- Physical, mental, and emotional exhaustion (emotional takes up most of the space on the exhaustion scale)
- Shame and doubt about yourself, your decisions, or that you aren’t enough or a good fit
- Cynicism and callousness about your situation, sometimes anger or similar energy
- Failure, helplessness, and crises mode when we feel our situation is getting the best of us and we can’t concentrate, nor move forward like we used to
Once we recognize we are either rusting out or burning out, we need to take steps to rectify the situation before it cripples us. It starts by recognizing the stress you’re under, why it’s happening, and listening to your body if it starts to break down such as more accidents, more sickness or allergic reactions, more joint and muscle pain, and general lethargy or depression. Taking action while we still feel strong and capable of dealing with the situation will stop the burnout faster than if we wait until we are incapacitated by our mental, emotional, or physical state. Moving forward while we are still in a position of power to do so is much more likely to start the inertia than if we wait until we are in a weaker state where we may not have the courage, stamina, or resourceful thinking to gain momentum out of the burnout phase.
If you find yourself burning out, here are some steps to ward off the fire:
* Enlist the support of family, friends, and colleagues, especially if they have been in that situation before
* Practice the art of self-care – be adamant about creating time for yourself to clear your mind, be good to yourself, take care of your body, and replenish it with good food, exercise, rest, and things you love.
* Get very clear about what it is you’re about, what is your purpose, your ideal day, your vision for your ideal life. If you were brave, what would you do or change or create in your life that isn’t there now? What type of work or living situation would you want if you were being truly authentic to yourself?
* Take some time off to refocus your energies and remove yourself from the stressful situation to get a better perspective.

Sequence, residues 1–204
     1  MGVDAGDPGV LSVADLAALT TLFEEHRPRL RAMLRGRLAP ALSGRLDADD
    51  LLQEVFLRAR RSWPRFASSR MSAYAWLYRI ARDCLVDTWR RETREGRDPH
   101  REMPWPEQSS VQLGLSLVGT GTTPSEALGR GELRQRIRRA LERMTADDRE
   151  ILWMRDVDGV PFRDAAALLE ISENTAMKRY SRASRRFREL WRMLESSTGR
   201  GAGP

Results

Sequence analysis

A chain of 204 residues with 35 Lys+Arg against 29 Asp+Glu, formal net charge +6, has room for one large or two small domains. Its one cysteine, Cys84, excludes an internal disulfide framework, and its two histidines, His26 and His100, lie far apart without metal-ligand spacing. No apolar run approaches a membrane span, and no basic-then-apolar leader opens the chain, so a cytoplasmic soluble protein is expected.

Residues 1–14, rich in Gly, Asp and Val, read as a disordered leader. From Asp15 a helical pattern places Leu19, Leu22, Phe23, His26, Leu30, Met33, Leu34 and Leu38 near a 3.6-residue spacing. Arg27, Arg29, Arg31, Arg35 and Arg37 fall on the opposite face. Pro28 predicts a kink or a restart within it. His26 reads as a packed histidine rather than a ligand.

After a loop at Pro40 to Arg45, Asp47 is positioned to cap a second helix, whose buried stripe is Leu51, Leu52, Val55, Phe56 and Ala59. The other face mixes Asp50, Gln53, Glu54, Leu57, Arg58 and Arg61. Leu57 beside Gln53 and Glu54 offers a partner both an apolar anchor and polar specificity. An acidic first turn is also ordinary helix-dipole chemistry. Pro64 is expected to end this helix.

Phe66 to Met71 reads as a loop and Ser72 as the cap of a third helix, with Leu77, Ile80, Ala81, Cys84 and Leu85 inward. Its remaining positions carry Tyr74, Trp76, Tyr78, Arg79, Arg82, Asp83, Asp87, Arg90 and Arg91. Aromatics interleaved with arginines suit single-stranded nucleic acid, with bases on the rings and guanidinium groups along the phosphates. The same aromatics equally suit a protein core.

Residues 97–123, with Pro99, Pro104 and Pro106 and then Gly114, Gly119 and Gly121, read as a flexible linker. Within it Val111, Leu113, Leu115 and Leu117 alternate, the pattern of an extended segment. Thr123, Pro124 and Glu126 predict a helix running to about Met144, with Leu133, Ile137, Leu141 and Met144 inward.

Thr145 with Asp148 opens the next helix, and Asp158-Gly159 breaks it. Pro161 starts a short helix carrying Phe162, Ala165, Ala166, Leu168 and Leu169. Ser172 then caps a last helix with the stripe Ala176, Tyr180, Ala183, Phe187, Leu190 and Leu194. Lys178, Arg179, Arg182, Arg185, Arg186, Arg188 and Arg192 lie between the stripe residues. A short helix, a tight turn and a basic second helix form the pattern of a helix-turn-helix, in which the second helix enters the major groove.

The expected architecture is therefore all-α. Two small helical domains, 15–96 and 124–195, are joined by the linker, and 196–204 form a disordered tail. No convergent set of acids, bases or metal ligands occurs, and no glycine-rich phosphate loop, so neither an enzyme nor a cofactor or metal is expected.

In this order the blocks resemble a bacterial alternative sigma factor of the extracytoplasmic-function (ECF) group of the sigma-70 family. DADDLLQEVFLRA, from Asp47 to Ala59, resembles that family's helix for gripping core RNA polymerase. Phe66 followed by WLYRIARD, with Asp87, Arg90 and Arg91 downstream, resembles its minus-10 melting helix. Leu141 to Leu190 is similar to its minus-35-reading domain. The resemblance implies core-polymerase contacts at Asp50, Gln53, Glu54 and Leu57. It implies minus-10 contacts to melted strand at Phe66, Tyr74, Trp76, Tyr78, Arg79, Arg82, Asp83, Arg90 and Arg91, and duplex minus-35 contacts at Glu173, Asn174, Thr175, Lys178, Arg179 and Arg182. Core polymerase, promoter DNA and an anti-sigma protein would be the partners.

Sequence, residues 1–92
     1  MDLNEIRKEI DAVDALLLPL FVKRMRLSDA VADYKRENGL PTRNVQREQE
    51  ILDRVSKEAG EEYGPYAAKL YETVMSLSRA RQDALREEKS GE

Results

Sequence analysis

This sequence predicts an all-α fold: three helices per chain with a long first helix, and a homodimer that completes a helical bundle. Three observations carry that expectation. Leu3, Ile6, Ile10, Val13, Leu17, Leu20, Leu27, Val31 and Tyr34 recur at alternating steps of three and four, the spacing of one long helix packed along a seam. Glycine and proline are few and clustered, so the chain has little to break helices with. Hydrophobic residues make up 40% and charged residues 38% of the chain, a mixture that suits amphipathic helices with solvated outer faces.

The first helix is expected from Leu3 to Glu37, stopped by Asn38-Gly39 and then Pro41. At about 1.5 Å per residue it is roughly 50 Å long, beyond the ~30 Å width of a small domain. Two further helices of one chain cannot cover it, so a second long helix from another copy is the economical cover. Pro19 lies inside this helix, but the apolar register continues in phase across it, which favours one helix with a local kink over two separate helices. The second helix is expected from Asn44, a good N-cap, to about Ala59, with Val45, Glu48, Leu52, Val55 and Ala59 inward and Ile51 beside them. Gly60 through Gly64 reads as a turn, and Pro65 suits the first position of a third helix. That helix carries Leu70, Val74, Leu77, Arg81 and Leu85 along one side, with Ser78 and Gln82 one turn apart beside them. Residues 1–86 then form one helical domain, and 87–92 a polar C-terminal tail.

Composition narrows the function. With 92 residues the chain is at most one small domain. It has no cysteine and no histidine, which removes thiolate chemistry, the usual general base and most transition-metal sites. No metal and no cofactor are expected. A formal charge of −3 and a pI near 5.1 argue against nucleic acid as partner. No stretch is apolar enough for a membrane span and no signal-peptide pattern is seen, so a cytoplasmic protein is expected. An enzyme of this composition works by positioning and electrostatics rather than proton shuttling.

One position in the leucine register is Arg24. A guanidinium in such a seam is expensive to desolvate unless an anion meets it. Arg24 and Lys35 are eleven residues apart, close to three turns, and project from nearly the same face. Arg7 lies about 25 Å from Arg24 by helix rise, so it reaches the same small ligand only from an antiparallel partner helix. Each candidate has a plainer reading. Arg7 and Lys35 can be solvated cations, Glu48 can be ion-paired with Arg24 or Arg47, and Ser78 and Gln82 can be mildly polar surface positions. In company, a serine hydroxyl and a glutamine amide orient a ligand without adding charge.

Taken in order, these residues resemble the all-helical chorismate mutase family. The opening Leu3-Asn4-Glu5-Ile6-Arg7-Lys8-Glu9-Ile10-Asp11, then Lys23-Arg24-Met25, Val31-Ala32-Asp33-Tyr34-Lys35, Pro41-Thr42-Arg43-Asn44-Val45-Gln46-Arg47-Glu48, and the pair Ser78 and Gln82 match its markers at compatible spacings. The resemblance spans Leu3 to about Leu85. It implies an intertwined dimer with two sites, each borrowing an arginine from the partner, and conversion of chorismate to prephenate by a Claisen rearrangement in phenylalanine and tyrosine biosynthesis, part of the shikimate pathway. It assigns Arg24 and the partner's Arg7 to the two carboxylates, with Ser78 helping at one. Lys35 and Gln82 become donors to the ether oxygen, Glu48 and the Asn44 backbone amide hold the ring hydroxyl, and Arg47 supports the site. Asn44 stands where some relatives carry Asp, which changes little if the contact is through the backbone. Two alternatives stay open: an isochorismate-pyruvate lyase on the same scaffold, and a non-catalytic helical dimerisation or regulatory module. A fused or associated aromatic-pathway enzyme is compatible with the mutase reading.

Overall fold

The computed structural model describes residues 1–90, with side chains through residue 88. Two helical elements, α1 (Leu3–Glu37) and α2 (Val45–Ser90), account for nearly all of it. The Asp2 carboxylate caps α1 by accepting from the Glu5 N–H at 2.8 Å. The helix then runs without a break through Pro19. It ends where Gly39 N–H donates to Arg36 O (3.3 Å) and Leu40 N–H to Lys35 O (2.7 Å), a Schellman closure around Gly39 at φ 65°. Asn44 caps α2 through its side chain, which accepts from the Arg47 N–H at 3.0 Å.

* Research similar fields or other jobs in your organization or industry if you like the work, but need something to best fit your skills, style, and personality.
* Become more self-aware of your work style, communication style, and personality style and seek a career that best uses your strengths. (I offer the Strength Deployment Inventory ® for those who want to learn more about their motivations behind their behaviors, and their communication and conflict management style.)
* Entertain the thought of retraining, going back to school, or starting your own business doing what you love. Test drive a new venture part time to see where your energy goes.
* Recognize that burnout carries a sense of loss of control or an abandonment of a goal you once had. Sometimes it turns into a sense of hopelessness if it goes on for too long. Avoid burnout by recognize the first signs of restlessness, stress, overwhelm, and agitation. Look at your situation and assess if it is a short-term project or a long-term situation before taking action and keeping cool instead of fuming and fanning the flames of burnout.
It seems that stressful times are the times when our self-care is lacking. It is precisely at these times when we need to be vigilant about eating right, getting enough rest, exercising, laughing, connecting, and making good choices to help us through the stress unscathed. When our resistance is low, we are no longer in the driver’s seat and we lack the energy to take charge. If we let ourselves run down by not guarding our personal energy, then we won’t have the energy to take care of others, our work, or ourselves. And so starts a downward spiral of negative energy that is ever harder to break.
Even when our minds won’t recognize that we need a break, our bodies will take over and put us flat on our backs for as long as it needs to heal itself and recharge. The lesson is to take care of yourself first, or else you won’t be able to take care of anybody or anything else.
We need to plan time for creative renewal on a regular basis and particularly during times of intense focus or stress. Good old rest and relaxation are still vitally important to the mental and physical well being of fighting soldiers. Being emotionally drained affects our performance as much as being physically exhausted. We can be very physically fit and get enough rest and still be emotionally exhausted. Taking time out to decompress is vitally important for our vitality.